WCTlogo.jpg (12547 bytes)Label DetectiveWCTlogo.jpg (12547 bytes)






grapes2.jpg (59507 bytes)      Read the Label!

Whether sitting at a restaurant or shopping at the local wine store, a fast read of the label is a worthy investment of your time. Producers pack a lot of information on a label and a better awareness of this information can help you pick a wine that fits your tastes or meal, teach you something new about a growing region, and may help you to remember a selection so you can impress your friends later. After all, taste is a powerful memory trigger for detail.

Policy on wine bottle labels vary from place to place but generally contain enough information for even the most savvy of shoppers. But even though wine labels are required to provide certain information such as the name of the bottler, other information such as color may seem implicit and left off. Interestingly enough, the style of the wine, the grapes, and even the vintage are not necessarily obligatory but do assist in choosing.

Naturally, for the sake of marketing and common sense, brand name and vineyard are usually most prominently featured on a label. Certain region classifications, area of origin, and estate names are also sized to attract attention, but not to immediately draw the eye. Some labels will note whether the wine was bottled on the property of the estate.

It seems that vintage, represented by the year, is what most people seem to look at first, after price. The perception is that an older bottle is a better bottle and/or deserves to be a more expensive bottle. Some shoppers may have an individual sliding scale as a mental measuring stick for profiling a bottle based on price and year when predicting quality and taste. Guidelines in a vintage-dated wine generally stipulate that at least 95% of the wine must have come from grapes grown in the year indicated on the label. Personal tastes aside, a little research and experience is all that is required to recognize "a good year".

As mentioned above, rules and policies regarding labels vary from place to place, another very good reason to invest time to familiarize yourself with labels. Did you know that in the United States, at least 75% of the grape named on the label must be used in a varietal wine? For example, a bottle labeled cabernet sauvignon must have a minimum of 75% of its volume as cabernet sauvignon, while up to 25% of other blends may be used. Other regions use similar tolerances.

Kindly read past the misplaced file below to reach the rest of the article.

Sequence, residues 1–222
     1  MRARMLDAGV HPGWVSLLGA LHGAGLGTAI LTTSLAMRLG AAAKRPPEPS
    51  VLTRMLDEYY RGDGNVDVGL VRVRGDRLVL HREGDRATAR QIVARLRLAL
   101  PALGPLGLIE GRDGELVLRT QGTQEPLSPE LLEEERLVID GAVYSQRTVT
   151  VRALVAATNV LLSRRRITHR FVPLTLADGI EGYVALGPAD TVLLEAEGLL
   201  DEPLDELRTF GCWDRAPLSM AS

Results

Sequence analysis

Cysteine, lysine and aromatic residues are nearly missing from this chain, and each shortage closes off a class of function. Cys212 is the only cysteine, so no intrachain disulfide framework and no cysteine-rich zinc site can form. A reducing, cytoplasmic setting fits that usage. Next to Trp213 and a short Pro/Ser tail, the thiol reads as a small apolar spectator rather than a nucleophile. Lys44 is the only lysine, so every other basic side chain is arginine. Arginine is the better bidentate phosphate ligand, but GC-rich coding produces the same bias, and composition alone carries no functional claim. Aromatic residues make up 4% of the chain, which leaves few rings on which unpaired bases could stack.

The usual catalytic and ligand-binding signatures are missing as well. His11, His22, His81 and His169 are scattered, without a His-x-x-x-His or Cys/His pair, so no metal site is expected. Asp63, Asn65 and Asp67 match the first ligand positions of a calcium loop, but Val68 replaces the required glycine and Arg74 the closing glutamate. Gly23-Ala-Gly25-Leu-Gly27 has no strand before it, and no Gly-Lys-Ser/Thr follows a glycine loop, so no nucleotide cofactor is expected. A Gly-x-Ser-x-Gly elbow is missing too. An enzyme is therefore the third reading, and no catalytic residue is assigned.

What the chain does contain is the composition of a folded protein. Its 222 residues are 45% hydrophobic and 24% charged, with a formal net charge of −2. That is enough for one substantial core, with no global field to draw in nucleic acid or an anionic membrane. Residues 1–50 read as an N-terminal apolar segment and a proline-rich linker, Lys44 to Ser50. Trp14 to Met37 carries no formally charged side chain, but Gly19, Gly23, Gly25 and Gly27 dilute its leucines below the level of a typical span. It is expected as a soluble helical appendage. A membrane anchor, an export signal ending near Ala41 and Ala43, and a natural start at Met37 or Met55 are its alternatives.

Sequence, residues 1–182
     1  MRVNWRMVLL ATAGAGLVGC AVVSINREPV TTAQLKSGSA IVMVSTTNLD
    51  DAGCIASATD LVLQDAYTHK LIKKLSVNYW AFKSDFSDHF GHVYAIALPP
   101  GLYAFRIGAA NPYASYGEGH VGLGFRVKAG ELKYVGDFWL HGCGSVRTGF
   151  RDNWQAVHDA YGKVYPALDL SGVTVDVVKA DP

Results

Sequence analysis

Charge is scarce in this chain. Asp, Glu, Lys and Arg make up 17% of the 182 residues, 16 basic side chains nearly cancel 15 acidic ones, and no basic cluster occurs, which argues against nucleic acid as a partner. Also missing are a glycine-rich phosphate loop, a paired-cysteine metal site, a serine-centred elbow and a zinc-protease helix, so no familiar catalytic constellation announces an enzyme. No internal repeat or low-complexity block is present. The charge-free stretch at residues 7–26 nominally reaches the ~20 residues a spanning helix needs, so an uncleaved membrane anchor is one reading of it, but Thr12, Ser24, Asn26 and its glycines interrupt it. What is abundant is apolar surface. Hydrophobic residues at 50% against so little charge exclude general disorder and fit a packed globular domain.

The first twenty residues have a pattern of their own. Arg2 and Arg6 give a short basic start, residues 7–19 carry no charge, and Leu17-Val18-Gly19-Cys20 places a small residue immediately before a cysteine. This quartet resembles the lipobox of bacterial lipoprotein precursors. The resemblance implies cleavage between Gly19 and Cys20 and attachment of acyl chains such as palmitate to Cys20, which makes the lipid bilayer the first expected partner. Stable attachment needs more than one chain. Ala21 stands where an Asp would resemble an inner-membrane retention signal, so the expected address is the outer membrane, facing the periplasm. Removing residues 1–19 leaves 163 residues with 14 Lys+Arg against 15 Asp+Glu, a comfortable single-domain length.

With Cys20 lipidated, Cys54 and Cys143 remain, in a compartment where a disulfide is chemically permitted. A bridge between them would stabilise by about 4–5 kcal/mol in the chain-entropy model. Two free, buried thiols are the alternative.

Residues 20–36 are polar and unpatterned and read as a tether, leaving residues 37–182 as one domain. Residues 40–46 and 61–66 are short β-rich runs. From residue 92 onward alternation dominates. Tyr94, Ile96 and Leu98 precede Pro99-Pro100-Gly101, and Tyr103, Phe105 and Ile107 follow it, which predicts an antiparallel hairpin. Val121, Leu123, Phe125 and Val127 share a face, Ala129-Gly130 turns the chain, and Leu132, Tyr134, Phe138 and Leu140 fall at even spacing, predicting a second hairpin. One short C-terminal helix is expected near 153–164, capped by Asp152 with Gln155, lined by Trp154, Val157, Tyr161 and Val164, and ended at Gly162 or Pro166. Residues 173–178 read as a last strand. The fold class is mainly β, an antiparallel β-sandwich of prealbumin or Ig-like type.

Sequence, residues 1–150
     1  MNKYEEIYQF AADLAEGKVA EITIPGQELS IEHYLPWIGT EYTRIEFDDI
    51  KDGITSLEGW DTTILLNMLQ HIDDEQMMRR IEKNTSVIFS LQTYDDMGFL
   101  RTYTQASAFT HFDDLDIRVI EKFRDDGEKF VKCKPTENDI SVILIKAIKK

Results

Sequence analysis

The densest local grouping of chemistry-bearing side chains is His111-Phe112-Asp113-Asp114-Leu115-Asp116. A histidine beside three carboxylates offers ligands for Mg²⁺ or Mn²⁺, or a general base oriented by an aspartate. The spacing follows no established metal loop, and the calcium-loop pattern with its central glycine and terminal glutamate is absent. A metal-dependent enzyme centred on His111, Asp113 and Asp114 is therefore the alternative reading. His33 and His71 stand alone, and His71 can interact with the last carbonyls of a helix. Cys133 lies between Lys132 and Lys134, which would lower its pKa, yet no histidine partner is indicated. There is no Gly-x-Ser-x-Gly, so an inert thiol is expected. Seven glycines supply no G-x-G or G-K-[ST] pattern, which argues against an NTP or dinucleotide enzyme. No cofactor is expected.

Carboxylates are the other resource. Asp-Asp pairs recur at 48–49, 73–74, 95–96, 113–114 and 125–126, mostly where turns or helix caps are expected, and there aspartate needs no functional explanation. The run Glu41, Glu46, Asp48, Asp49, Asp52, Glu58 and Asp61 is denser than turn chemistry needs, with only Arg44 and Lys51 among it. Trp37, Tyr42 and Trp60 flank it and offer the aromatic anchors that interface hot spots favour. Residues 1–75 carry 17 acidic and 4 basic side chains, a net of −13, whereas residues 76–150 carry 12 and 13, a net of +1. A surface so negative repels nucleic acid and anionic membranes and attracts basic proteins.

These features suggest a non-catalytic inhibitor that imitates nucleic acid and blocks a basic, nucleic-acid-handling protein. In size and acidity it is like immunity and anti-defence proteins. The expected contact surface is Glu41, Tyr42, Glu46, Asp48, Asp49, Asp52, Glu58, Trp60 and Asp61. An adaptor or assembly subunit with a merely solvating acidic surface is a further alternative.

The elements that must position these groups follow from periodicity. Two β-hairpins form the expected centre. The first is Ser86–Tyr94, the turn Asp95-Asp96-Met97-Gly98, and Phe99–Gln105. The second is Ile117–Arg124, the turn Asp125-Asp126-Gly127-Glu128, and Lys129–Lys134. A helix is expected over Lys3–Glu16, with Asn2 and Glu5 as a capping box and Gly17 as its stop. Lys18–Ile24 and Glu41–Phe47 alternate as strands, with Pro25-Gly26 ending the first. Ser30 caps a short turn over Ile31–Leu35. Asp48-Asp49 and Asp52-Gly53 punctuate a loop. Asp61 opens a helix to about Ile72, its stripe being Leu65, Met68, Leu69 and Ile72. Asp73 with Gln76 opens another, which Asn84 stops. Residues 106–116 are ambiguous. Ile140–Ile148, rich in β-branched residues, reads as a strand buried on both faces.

Wine labels nearly always show alcohol strength, usually in comparatively small font size, however variances in actual alcohol content within a bottle are allowed, even as much as a percentage point. Naturally, the difficulties in maintaining accurate consistency for producers is understandable, so regulators built in this allowance and thus save producers a number of cost headaches, not the least of which would be for printing extra labels. However, this does mean that a wine with a stated alcohol strength of 12% may actually be found to have slightly over 13% or possibly slightly less than 11% alcohol by volume.

If a wine is an American Viticultural Area designated wine, at least 85% of the grapes used must come from that area. Vineyard designated wines tend to be even stricter, with typically over 95% of the grapes from the named vineyard being used. The flexibility allowed for a labile seems to end when it comes to the source of a wine. For example, a wine labeled “California” is required to contain nothing but California-grown grapes -  100%. However, county designations are typically granted more leeway. For example, a county designation on a label, such as “Sonoma,” means that at least 75% of the grapes in the wine must be from the named county.

What this all means is that care in consistency is important and thus follow the reputation of the producer, and ultimately the price, and price is probably the first and only factor wine buyers are willing to consider at a glance, and it is also the most important label item left off the bottle.






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